Legislature could set up special asset committee

by Matthew Strong

TAIPEI (Taiwan News) – The Legislative Yuan should consider setting up a special committee to look into the issue of illegal party assets, senior Democratic Progressive Party member Chiu Tai-san said Saturday.

The assets held by the Kuomintang, often described as the world’s wealthiest political party, have emerged as one of the priority topics for the newly elected Legislature, where the DPP holds a majority.

Most proposals present at the Legislative Yuan want the Executive Yuan or Cabinet to form a special investigative commission to deal with the subject. However, this way the subject could be influenced by the ruling party, said Chiu, currently vice mayor of Taoyuan City, but sometimes tipped as a potential justice minister. If the Legislative Yuan were in charge, all political parties would be involved in the process, according to Chiu.

DPP lawmaker Wellington Koo agreed with the suggestion, though he said that how the committee conducted its investigation would be influenced by the Legislative Yuan’s right to investigate, a separate proposal which also still waits to be resolved.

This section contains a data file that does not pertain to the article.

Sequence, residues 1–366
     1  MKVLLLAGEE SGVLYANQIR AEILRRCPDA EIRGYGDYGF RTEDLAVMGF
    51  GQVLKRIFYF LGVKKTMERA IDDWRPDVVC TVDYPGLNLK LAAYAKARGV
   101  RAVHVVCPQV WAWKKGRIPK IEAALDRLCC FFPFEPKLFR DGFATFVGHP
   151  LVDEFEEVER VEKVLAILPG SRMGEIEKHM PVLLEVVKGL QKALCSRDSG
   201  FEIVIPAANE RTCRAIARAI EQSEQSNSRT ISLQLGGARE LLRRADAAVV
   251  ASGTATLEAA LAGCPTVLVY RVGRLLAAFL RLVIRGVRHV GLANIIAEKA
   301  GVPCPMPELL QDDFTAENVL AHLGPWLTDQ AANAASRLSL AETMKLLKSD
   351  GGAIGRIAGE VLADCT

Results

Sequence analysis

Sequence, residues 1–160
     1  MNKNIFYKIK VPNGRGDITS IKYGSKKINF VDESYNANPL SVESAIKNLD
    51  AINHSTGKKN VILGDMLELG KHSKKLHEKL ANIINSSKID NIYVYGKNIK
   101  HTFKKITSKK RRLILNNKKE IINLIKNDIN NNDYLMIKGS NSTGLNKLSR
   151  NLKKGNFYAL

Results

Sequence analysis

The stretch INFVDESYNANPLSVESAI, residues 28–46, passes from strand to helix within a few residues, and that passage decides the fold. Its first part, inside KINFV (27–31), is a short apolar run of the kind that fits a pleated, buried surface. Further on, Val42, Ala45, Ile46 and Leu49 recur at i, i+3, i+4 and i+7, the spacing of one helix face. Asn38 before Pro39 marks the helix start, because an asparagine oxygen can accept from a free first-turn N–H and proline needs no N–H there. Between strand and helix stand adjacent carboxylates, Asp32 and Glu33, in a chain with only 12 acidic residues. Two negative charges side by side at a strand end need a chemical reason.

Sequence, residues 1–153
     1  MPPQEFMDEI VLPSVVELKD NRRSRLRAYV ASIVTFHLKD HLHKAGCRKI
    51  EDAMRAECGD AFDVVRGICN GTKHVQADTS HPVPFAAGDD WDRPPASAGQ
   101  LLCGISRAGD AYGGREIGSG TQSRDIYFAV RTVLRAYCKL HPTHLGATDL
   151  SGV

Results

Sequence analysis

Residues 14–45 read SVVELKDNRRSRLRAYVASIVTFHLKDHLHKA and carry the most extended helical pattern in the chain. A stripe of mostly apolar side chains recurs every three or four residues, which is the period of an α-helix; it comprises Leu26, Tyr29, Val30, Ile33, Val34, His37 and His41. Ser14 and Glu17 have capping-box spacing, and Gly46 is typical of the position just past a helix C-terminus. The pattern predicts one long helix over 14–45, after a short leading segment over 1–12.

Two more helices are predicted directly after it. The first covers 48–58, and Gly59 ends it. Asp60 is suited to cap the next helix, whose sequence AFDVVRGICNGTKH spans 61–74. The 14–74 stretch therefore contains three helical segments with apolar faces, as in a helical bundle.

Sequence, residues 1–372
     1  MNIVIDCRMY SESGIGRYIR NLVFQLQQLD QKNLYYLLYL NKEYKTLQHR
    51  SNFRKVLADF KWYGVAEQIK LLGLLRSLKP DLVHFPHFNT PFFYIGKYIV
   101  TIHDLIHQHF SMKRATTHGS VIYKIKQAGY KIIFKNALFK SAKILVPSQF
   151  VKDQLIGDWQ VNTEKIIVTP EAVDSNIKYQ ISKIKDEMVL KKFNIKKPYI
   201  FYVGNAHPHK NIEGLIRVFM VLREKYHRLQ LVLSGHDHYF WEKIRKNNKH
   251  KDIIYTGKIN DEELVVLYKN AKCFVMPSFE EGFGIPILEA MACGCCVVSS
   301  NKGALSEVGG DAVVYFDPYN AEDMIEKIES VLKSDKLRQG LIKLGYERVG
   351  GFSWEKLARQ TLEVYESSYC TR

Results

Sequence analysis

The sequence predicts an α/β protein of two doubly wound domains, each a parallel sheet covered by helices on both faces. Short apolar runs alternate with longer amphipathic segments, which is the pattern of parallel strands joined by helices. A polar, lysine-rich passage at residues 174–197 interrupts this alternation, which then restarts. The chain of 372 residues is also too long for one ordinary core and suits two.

Another DPP legislator, Tuan Yi-kang, has suggested that a special prosecutor should be in charge, allowing the judiciary to work without political interference.

The host of Saturday’s seminar discussing the topic, prominent political commentator Yao Li-ming, said the investigation into the assets should not amount to political vengeance but served to make Taiwan’s politics more just and fair.

The DPP has accused the KMT of blocking all proposals at the Legislative Yuan. If the former ruling party continued on its obstinate course, a vote on the subject might come as early as next week, DPP lawmakers warned. As a result of the January 16 elections, the DPP now holds 68 out of 113 seats at the Legislature, while its chairwoman, Tsai Ing-wen, is scheduled to be sworn in as president on May 20.

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